It shouldn’t surprise anyone that America’s public school systems are in perpetual crisis. That’s what socialism does. It produces crises or what the economist Ludwig von Mises called “planned chaos.”
It would be difficult to find a better model for socialism than public schooling. We call it “public schooling” but the more accurate name would be government schooling. This is a government program from top to bottom. The schoolteachers and administrators are government employees. The government provides the textbooks and establishes the curriculum. The government enacts compulsory school-attendance laws, which are enforced on parents through threats of incarceration and fine. To fund its operations, the government forcibly takes money from people through taxation.
The system is run in a top-down, command and control manner, much like the army. In fact, public schooling can easily be described as army-lite. Students are taught to memorize and regurgitate. Information is pounded into them. Education is measured by tests. Students are indoctrinated with the importance of deferring to authority, obeying orders, and complying with regulations, just like in the army.
Every child is born with a natural love of learning and an awe of the universe. You can see that on the looks of children from 0-6 years of age. Their eyes are wide open, absorbing everything they see. When they learn to talk, their favorite word soon becomes “Why?” which they use to bedevil their parents.
By the time kids graduate from high school, most of them hate education, including reading, and can’t wait to get out of school. The natural love of learning that characterized them when they were young has been smashed out of them in the highly regimented, army-like environment of public schooling. The ability to question, challenge, and critically think is as absent as it is in a soldier in boot camp.
It is no surprise that public schooling is also found in countries like Cuba, North Korea, Vietnam, and China. Those are countries whose overall system is based on socialism.
There is but one solution to the public-schooling morass: a separation of school and state, just as our ancestors separated church and state. That would be the end of all government involvement in education, just as separating church and state meant the end of all government involvement in religion.
No more compulsory-attendance laws. No more school taxes. No more government textbooks. No more government school buildings. No more government involvement in education at all.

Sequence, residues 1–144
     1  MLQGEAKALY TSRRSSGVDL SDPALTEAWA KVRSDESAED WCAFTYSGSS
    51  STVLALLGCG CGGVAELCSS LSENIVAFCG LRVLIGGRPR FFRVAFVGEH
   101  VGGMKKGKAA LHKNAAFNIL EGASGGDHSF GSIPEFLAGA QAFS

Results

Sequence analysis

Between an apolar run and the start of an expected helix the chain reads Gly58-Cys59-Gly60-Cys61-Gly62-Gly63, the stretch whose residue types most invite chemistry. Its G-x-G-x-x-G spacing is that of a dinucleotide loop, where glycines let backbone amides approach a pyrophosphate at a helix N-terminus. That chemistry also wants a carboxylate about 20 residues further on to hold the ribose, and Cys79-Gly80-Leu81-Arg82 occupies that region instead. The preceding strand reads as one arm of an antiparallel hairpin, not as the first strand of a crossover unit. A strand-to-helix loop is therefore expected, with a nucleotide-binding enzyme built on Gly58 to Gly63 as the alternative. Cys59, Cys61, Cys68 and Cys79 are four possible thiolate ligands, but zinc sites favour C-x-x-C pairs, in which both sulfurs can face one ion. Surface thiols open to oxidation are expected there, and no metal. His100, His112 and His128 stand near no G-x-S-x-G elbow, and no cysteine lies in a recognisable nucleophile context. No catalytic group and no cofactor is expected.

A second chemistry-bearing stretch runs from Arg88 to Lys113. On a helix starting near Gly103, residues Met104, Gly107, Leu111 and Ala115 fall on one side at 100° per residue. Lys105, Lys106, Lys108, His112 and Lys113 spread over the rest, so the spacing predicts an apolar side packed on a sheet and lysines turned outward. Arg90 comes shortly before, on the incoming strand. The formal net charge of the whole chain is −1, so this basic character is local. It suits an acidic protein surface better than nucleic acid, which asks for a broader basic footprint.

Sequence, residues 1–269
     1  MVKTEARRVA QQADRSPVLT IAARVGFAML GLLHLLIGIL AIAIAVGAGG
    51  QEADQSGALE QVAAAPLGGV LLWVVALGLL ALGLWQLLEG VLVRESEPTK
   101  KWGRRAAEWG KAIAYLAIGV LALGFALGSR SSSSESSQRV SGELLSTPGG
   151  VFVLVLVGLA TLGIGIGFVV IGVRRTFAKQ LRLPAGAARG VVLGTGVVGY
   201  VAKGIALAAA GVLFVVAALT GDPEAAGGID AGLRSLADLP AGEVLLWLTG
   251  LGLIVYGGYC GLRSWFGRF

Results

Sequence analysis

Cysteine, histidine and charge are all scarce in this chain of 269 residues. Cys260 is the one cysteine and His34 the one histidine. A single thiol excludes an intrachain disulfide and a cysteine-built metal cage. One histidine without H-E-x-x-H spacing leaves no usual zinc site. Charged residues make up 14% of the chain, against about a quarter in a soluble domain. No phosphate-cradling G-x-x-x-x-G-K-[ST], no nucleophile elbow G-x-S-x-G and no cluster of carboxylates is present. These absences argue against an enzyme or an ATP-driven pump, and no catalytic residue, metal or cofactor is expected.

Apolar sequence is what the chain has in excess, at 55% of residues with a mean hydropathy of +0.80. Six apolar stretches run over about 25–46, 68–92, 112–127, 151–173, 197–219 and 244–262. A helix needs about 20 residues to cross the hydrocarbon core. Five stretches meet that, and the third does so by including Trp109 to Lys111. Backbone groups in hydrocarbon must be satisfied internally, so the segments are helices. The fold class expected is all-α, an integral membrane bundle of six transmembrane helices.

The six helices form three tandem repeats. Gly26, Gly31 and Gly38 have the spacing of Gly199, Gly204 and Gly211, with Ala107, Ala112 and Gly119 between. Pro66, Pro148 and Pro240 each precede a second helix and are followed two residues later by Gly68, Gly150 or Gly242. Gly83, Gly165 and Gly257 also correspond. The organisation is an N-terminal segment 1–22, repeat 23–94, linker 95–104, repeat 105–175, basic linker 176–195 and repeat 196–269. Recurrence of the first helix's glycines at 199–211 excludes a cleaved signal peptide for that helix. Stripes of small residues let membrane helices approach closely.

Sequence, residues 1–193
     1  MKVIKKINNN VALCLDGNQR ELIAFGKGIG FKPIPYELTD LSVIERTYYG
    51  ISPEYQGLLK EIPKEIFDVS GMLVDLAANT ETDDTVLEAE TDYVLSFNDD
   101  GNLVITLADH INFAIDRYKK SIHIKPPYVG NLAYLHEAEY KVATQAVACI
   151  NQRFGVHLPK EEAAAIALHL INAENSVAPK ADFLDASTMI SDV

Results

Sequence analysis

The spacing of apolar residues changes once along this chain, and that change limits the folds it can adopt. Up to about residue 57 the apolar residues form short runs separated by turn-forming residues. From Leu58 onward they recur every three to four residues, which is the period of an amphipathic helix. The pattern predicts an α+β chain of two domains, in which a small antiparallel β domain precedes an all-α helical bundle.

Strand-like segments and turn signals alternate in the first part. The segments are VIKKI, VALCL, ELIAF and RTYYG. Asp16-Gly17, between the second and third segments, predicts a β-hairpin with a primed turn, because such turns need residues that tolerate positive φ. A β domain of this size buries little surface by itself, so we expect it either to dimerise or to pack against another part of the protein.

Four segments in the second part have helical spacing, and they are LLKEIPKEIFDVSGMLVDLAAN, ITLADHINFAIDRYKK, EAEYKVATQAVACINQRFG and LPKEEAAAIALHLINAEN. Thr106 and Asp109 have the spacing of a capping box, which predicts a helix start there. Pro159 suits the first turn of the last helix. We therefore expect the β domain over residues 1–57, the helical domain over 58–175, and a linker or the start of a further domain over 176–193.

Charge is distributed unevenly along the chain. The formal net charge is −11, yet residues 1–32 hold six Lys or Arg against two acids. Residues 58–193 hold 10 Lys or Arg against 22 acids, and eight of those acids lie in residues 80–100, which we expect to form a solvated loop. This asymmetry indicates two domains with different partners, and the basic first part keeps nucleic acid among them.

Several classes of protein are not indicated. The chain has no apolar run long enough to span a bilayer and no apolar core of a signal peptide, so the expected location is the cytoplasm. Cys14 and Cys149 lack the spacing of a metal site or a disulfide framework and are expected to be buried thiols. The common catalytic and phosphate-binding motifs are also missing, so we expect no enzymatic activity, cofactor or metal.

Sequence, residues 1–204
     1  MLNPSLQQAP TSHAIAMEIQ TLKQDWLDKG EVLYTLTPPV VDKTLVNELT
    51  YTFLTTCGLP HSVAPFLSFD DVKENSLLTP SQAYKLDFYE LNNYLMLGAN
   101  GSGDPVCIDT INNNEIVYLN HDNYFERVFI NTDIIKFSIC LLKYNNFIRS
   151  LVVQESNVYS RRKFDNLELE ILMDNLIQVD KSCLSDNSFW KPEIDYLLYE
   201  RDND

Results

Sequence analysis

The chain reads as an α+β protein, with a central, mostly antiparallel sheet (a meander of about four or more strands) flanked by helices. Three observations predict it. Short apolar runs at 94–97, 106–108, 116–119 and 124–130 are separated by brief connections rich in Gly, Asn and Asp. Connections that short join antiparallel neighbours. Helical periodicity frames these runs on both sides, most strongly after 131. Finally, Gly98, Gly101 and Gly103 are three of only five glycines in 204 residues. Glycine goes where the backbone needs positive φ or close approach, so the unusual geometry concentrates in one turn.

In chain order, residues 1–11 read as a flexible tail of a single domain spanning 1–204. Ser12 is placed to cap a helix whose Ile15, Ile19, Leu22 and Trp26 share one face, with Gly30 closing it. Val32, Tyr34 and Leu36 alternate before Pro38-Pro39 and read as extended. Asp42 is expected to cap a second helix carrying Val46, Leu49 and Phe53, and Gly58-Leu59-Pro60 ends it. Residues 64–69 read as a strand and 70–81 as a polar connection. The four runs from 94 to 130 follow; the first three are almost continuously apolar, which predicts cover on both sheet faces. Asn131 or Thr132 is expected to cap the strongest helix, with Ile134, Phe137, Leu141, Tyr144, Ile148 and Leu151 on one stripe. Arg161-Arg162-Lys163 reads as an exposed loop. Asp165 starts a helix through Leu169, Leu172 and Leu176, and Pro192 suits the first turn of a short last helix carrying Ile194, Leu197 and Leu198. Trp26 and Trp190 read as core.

In other words, a total free-market in education. The free market produces the best of everything. It would do that in education.
What about the poor? The free market would provide the best educational services to the poor. That would consist of a combination of entrepreneurs competing for business at that economic level and wealthier people providing scholarships and fellowships to those needing help.
How do we achieve educational liberty? By reaching a critical mass of people who see the virtues and benefits of it and who demand it. How do we arrive at that critical mass? By consistently making the case for educational liberty. If people don’t hear the case for educational freedom, how can we expect them to consider it?
Although conservatives understand the damage that public schooling does to children, they threw in the towel on educational liberty a long time ago. Their solution was to adopt a socialist program called school vouchers as a way to deal with educational socialism.
The voucher program uses the force of government to take money from people to whom it belongs and give it to people to whom it doesn’t belong. That’s classic socialist seizure and redistribution of wealth. Conservatives say that the end justifies the means.
In the early days of the voucher program, conservatives argued that the program would “gradually” lead to the demise of public schooling. That was a pipe dream from Day 1. In fact, the voucher program does the opposite. It more deeply embeds the state in education by putting private schools on the voucher dole and subjects them to the government regulation that comes with vouchers.
In fact, voucher proponents today no longer argue that vouchers will “gradually” lead to educational liberty. Their principal argument in favor of vouchers is that vouchers will strengthen the public school system through “choice” and “competition.”
The last thing you’ll ever see a voucher proponent doing is making the case for the separation of school and state. By making the case for vouchers, they cause people to think at a lower level — at the level of using socialism to combat socialism — rather than at a higher level of educational liberty.
Let us libertarians leave socialist educational reform to conservatives. Let us continue standing for freedom and free markets. Let us continue making the case for educational liberty through the separation of school and state.